I am more chagrined by sin.

The more I have come to know the Lord, and the more I have sought Him, the more I have become aware and appalled by my own fallibility, and the more sensitive I have become to sin in the world around me. I am constantly overwhelmed by my own pride and selfishness, and disconcertingly attuned to the ways in which I live so far off the mark from God’s guidelines. I feel endlessly convicted for the disconnect between what I seek to teach my children and what I model in my own character, and simultaneously horrified by the sin in the culture around us that I’m sending my children out into. I can no longer watch things I used to watch, or turn a blind eye to things that, three years ago, would not have bothered me. It’s like physical death awakened my soul to the spiritual and emotional death that sin brings to humanity, and I spend a lot of time living as under a burden – the burden of the unrighteousness around me, and the burden of the tremendous sin within me. Three years ago I did not feel anywhere near the burden for either.

The burden brings turmoil. Turmoil over my own incessant patterns of sin, turmoil at the blindness and enslavement of our world in thinking that somehow we will find freedom apart from God’s commands. The more I love Christ, the more I am burdened in my spirit for our wretched state before a holy God. But with the turmoil comes a passionate desire to crucify my sin nature and replace it with His nature of righteousness. Seeing the problem is the precursor to change; I am encouraged by Christ’s words: “Blessed are the poor in spirit, for the kingdom of heaven is theirs.” And I know that this burden is one He wants me to bear in order to become who He wants me to be.


I am less tethered to this world.

Maybe one of the biggest changes within me the past three years has been the shifting of my appetites. Losing my children has changed my desires, and the things of this world increasingly do not entice me the way they did before. Things seem so very hollow. Pretty much the good majority of that for which we as Americans spend our lives working feels, to me now, as “What’s the point?” The standard of success our world uses seems increasingly pointless, and it’s like every day my eyes are opened to the values of God’s kingdom as being the only ones that matter.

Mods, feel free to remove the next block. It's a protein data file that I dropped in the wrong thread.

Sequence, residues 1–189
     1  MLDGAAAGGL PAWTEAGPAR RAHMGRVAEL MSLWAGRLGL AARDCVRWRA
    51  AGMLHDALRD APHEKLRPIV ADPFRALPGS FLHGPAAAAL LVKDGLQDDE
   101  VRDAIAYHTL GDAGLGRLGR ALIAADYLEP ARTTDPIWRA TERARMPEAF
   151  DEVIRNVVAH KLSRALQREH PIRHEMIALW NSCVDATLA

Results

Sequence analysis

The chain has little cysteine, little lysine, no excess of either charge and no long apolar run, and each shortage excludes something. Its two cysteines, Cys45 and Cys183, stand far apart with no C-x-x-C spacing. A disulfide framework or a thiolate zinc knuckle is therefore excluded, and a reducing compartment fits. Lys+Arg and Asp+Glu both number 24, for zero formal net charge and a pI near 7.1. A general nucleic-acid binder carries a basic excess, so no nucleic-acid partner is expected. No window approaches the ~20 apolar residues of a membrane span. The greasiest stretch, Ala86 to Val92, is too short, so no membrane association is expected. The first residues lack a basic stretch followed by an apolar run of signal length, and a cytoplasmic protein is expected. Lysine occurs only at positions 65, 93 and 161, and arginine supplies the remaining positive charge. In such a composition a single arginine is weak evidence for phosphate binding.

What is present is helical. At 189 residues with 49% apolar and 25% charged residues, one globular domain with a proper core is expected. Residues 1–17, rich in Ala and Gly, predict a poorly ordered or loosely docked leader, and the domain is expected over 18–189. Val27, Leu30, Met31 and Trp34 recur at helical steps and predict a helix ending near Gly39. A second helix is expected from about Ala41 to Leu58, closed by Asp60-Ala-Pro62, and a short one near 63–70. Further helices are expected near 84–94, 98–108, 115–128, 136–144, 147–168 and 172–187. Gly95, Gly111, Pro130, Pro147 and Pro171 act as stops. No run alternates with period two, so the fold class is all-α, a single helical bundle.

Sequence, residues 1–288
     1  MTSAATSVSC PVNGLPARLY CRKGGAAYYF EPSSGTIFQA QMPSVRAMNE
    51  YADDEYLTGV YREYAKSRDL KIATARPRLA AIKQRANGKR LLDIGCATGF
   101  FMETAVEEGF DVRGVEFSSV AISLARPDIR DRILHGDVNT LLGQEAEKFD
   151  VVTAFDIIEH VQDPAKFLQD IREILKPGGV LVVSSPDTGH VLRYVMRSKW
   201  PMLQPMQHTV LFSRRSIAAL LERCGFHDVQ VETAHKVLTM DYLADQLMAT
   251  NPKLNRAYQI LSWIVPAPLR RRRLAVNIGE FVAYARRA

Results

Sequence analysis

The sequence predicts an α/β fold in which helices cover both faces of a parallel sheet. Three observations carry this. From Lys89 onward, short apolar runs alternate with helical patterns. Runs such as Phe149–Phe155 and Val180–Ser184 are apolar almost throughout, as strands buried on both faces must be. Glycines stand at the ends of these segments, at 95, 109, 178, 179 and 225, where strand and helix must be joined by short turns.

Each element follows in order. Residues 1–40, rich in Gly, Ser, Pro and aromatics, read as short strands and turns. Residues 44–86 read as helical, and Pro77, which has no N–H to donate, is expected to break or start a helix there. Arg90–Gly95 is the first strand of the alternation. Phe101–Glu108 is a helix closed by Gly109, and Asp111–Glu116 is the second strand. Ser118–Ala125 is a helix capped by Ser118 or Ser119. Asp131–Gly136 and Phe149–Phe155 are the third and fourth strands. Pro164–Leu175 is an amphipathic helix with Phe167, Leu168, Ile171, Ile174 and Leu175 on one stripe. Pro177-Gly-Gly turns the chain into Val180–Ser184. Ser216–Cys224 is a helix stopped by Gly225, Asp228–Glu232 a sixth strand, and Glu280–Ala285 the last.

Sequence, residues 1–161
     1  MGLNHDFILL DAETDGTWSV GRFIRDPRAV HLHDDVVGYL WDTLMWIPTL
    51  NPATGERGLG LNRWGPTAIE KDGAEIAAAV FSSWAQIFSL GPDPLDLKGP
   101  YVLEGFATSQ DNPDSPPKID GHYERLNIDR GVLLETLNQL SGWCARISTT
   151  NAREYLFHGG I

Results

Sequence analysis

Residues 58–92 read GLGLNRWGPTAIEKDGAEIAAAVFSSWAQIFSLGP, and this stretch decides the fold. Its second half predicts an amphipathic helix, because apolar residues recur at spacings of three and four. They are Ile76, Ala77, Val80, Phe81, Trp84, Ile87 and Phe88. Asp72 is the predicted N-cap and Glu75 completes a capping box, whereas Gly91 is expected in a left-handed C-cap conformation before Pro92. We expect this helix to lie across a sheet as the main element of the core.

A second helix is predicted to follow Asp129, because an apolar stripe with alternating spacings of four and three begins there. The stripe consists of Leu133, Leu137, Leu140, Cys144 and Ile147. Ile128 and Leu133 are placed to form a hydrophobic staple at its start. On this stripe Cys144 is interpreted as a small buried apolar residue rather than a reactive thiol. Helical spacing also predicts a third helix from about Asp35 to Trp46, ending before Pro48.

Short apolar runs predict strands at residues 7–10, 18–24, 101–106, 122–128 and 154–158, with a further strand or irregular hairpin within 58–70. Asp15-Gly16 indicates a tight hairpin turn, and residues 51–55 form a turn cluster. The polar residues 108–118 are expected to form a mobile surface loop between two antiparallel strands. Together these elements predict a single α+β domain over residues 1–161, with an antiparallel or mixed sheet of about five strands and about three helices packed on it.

I find myself longing for heaven, for the world in which God’s upside-down values reign, where it will all be about relationships, and when I will no longer have to fight the pain, the suffering, and the me-centered idolatry of my life here. I feel the urgency of time – of being a good steward of the precious moments I have been given – and at the same time I am daunted by the idea of the likely length of time I have yet to remain, on this earth.

Scripture says, “Set your minds on things that are above, not on things that are on earthColossians 3:2.

I believe we cannot truly be focused on the kingdom of God until the kingdom of this world falls apart for us.


I want more real and true.

Something about losing children makes you have a lot less tolerance for fluff; I guess it just prioritizes what is important and what is not. I find myself longing, searching, for meaning and depth and profundity and truth. I don’t do Sunday School answers and simplistic Facebook soundbites make me cringe. I want to spend time around people who have suffered and searched and struggled; those who seek to look beyond the prevailing cultural lines and masks to the authenticity of life behind and beyond. When your world falls apart, you need an anchor. Not a subjective “That truth works for you and this truth works for me”, but the essence, the totality, the immutable reality that exists for sure. I need, now, the truth that remains even when everything around me is chaos and falsehood and vapor.

The grass withers, the flower fades

when the breath of the Lord blows on it;

surely the people are grass.

The grass withers, the flower fades,

but the word of our God will stand forever. – Isaiah 40:7-8

In the past three years, I have eliminated any questions about what that Truth is. I know, have experienced, the fundamental reality that God is – the “I AM” who will be no matter what happens to me here. With Him I can face anything this world brings, because all of it just puts me in a better position to enjoy the world He is preparing me for.



3 years feels, in some ways, like a lifetime. Losing my son has shifted every part of who I am and how I see the world. But in doing so, it has brought me, I believe, closer to what really matters; closer to what God has intended for me to be. I am yet a long way off, but it is suffering that has given me the grace of truly knowing and loving Him, of wanting Him more than anything this world has to offer, and has, ironically, deepened my ability to experience joy.

Since Dominic, the highs are higher and the lows are lower. I imagine this is one of the ironic graces of suffering; it enlarges our souls so that, in the next life, we will be able to be more completely filled with Him. Only when we are, there will be no more lows at all.

As Christian writer A.W. Tozer eloquently explicated, “The Bible was written in tears, and to tears it will reveal its best treasures.”

Three years into this journey I can attest –  the tears have indeed been bitter. But I can also say that I believe I am just at the beginning of unveiling the treasures.